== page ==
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A U.S. military jeep similar to one driven by a hometown hero for one of World War II’s most famed generals was dedicated to the Tri-County Chapter 26 Disabled American Veterans.
The vehicle is much like one Fred White Jr. drove as Gen. George S. Patton’s driver in World War II,
and the dedication was in the deceased Oliver Springs veteran’s memory and in honor of all U.S. veterans.
“It is just an honor,” said Jerry White of the DAV’s decision to honor his father’s memory. “We were thrilled.”
The elder White died in March 2012.
“We feel blessed we have freedom because Dad served his country,” Jerry White said. “He was proud of his service and the accomplishments he made.”
Jerry White said the DAV took the jeep to his brother Rickey White, who owns Tennessee Metalizing, and Rickey took apart the vehicle, sanded it and put it back together.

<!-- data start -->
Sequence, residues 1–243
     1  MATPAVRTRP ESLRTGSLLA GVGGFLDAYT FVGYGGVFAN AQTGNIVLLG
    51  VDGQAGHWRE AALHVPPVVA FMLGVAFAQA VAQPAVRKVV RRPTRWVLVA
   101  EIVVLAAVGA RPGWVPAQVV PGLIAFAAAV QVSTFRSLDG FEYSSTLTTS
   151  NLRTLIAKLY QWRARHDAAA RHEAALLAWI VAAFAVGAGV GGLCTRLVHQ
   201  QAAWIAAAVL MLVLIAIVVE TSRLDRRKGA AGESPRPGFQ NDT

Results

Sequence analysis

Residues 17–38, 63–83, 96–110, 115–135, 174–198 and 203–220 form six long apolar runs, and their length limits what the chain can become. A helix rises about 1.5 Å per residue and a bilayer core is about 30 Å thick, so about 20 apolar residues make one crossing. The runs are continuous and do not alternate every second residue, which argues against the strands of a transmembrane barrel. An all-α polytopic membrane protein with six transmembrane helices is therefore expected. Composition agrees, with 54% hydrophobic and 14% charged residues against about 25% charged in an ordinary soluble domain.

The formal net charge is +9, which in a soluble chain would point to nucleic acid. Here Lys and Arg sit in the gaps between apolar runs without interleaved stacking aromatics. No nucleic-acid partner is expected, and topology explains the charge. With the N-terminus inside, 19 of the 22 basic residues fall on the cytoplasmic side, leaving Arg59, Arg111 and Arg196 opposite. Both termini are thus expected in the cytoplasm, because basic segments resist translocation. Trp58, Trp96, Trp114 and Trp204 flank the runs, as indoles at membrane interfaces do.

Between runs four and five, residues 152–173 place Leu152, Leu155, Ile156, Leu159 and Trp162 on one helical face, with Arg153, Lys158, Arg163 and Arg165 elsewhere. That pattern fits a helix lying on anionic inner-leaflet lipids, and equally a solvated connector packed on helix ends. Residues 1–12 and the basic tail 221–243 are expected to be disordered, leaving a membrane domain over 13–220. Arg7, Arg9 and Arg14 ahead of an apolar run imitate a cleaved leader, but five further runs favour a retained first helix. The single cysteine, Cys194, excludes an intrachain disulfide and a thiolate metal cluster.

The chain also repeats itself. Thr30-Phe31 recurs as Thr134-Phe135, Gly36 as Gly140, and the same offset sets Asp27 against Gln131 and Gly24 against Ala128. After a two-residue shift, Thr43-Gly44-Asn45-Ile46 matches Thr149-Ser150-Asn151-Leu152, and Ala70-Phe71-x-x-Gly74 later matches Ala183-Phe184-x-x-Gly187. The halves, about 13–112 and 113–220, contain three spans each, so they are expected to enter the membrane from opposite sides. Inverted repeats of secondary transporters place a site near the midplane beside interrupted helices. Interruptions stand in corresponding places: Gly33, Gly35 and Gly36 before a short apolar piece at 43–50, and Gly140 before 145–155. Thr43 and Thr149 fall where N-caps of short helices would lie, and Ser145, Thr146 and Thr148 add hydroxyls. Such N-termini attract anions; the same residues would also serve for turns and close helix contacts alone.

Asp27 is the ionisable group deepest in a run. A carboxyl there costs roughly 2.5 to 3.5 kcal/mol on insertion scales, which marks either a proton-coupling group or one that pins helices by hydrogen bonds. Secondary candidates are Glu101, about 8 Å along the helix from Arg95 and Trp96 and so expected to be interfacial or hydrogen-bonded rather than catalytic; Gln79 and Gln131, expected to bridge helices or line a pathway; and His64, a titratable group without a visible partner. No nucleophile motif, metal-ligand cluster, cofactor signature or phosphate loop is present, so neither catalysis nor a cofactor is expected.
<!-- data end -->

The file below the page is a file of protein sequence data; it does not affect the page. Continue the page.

When asked what the DAV could do for appreciation, Rickey White mentioned his father’s service and that he drove a similar jeep when driving for Patton.
Rickey White said his father didn’t talk much about his war time, and the fact he was a driver for Patton was one of the few mentions of that time he did share.
Family and friends prodded Fred White in his later years to share more so his children would have the information.
A release from the DAV said the vehicle was acquired and a memorial site prepped thanks to many individuals including Frank Phillips and Charlie Duncan; Dean Wright; Tony Crass and C&C Concrete; Max Martin and Creative Fabrication of Oliver Springs; and Rickey White and Tennessee Metalizing of Oliver Springs.
According to Fred White’s obituary, he served in the Civilian Conservative Corps, working in Cades Cove between 1938-40.
He earned the rank of cor-
poral, and served in the Army Battery C 78th, Armored Field Artillery Battalion from July 1940-June 1945.
Fred White served in French Morocco, Sicily, Normandy, Northern France and Germany, and he was awarded the Bronze Star for service on Aug. 10, 1944, in France.